PSU banks fail to sell MFs-Business Standard
State Bank of India (SBI), Punjab National Bank, Bank of Baroda, Canara Bank and Union Bank of India all have their asset management companies (AMCs). SBI apart, the others earned dismally low brokerage incomes by selling MFs, less than Rs 10 crore each, in 2013-14. SBI, with a little over 13,000 bank branches, did marginally better — it earned Rs 29 crore.
Private banks, with a much lower branch base, sold MFs more aggressively. HDFC Bank, ICICI Bank and Axis Bank had brokerage incomes of Rs 159 crore, Rs 118 crore and Rs 94 crore, respectively, that year.
Says a leading distributor: “Private banks are more aggressive in this business because they consider the fee income — brokerage and trail commission — an important aspect of their balance sheet.”
As a result, PSB-sponsored MFs are ranked low. SBI's, with average assets of Rs 72,800 crore is 6th in the ranking, an exception among PSBs. Baroda Pioneer, a joint venture between Bank of Baroda and Pioneer Investors, with assets of Rs 7,100 crore, was ranked 22nd; despite a good market, its average assets have fallen since March by Rs 1,000 crore.
More interesting is their strategy. PSBs have concentrated on only selling schemes of their fund house. SBI earned 97 per cent of its brokerage income from its own AMC. Union Bank and Canara Bank have 94 per cent and 100 per cent of incomes from their AMCs'. Clearly, they are unwilling to sell other MF products, though a senior executive from Canara Bank said, “We also have tie-ups with other AMCs. (But), besides the fee money, the overall improvement of the joint venture is also the motive.”
MF managers say all this is a a pity, as these banks have a strong branch network. "A number of schemes that are doing very well but might not belong to the PSB-sponsored fund houses. If they push these schemes as well, they will get more income, beside selling a scheme that has a good history.” In sum, PSBs are acting as agents of their own AMCs, rather than brokers.
Said Hemant Rustagi, chief executive of Wiseinvest Advisors, an MF distributor: “If the sector wants to move beyond the top-15 cities, PSBs have a big role. They are already established in smaller towns and have the confidence of the bank customer. Fund houses on a standalone basis will take a long time to establish their brand in these places.”
Those in the MF sector say as many banks do not set targets such as on fee income from selling such products, branch managers are more interested in meeting their deposit and loan targets. MFs take a back seat.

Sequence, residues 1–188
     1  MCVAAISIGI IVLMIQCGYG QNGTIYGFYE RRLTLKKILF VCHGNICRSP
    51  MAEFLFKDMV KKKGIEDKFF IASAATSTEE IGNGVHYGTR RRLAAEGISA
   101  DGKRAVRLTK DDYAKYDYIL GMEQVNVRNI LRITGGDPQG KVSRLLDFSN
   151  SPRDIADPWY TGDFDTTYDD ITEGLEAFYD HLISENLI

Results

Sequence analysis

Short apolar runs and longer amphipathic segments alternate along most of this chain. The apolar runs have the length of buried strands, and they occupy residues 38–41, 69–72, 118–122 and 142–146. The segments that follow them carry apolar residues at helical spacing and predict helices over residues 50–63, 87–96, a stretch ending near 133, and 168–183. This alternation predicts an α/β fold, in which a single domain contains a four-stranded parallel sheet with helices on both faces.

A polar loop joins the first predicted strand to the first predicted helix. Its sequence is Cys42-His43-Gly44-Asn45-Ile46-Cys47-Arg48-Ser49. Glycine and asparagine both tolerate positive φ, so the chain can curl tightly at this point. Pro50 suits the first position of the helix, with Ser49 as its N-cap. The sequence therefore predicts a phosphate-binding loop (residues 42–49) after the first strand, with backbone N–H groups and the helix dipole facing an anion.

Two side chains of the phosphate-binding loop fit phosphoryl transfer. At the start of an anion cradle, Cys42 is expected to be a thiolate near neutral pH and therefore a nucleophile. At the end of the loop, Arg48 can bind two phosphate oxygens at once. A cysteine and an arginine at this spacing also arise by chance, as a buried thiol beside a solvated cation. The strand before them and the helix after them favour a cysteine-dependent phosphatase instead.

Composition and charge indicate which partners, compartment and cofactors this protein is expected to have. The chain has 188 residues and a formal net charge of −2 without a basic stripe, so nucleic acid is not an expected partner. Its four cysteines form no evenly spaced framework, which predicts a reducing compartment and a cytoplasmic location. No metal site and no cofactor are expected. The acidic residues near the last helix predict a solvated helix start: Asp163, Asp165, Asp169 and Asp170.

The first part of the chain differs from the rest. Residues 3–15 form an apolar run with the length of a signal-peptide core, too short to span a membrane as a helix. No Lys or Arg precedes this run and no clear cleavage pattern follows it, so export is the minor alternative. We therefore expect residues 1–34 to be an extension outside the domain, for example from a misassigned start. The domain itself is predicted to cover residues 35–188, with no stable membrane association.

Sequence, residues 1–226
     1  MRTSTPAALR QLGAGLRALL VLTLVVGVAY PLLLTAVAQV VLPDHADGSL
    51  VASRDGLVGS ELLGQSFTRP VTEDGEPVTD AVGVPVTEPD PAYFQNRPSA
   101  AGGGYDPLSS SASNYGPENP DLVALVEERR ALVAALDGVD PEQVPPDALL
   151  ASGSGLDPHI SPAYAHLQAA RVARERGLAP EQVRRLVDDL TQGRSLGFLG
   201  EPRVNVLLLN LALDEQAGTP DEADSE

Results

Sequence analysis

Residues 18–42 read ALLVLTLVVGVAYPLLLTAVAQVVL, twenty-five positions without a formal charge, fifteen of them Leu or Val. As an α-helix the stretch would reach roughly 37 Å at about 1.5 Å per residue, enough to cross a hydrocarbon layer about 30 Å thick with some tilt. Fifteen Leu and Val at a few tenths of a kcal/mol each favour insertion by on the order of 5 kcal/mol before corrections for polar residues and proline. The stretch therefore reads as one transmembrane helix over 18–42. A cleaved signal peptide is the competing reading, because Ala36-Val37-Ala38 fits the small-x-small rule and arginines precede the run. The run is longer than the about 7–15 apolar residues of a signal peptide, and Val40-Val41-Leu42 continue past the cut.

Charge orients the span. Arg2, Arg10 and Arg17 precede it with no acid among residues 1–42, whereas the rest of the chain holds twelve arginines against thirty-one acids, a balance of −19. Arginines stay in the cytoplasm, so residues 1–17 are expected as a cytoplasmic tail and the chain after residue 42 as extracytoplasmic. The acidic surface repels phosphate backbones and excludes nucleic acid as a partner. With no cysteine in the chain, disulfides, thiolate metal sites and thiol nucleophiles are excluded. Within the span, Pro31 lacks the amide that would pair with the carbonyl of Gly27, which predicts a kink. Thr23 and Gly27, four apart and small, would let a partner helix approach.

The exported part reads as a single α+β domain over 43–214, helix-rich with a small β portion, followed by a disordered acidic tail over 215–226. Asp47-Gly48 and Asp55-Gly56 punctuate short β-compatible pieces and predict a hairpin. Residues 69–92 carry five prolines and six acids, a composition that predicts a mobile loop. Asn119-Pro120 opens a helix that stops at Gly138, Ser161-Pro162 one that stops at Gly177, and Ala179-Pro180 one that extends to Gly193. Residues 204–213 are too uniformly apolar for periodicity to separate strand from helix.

“Members are of the view that this proposal to restrict the credit appraisal process to some five or six banks is not in best interest of the banking industry,” the IBA letter sent to the ministry of finance noted.
An IBA official confirmed the association had replied to the ministry citing the views of bankers but had not yet got a response.
At the managing committee meeting of the association last month, bankers pointed out they were satisfied with the current process of each bank appraising the risk on its own rather than relying on the lead banker. Among the banks that the ministry had suggested should do credit appraisals are State Bank of India (SBI), ICICI Bank, Bank of Baroda and IDBI Bank.
Bankers are hoping the finance ministry will agree with its views since they believe collective due diligence may not work. SBI chairman Arundhati Bhattacharya had said recently that only if the due diligence was done by the banks themselves would a proper appraisal be possible.”You won’t be able to take the right decision until you understand the risks and the appetite for it,” Bhattacharya had said.
Bankers pointed out that while intermediaries like SBI Capital Markets do undertake the credit appraisals for consortium loans, banks do not depend on their assessments and carry out the due diligence themselves. The ministry had last month expressed concerns regarding the due diligence process, questioning the outsourcing of the process to an intermediary that appraises the exposure on the bank’s behalf. The concerns stem from the large amounts of non-performing assets (NPAs) that public sector banks have on their books. The ratio of gross NPAs to gross advances stood at 4.1% in FY14, up 70 basis points (bps) from 3.4% reported in the previous financial year, according to Reserve Bank of India. Net NPAs, on the other hand, were up 50 bps to 2.2%.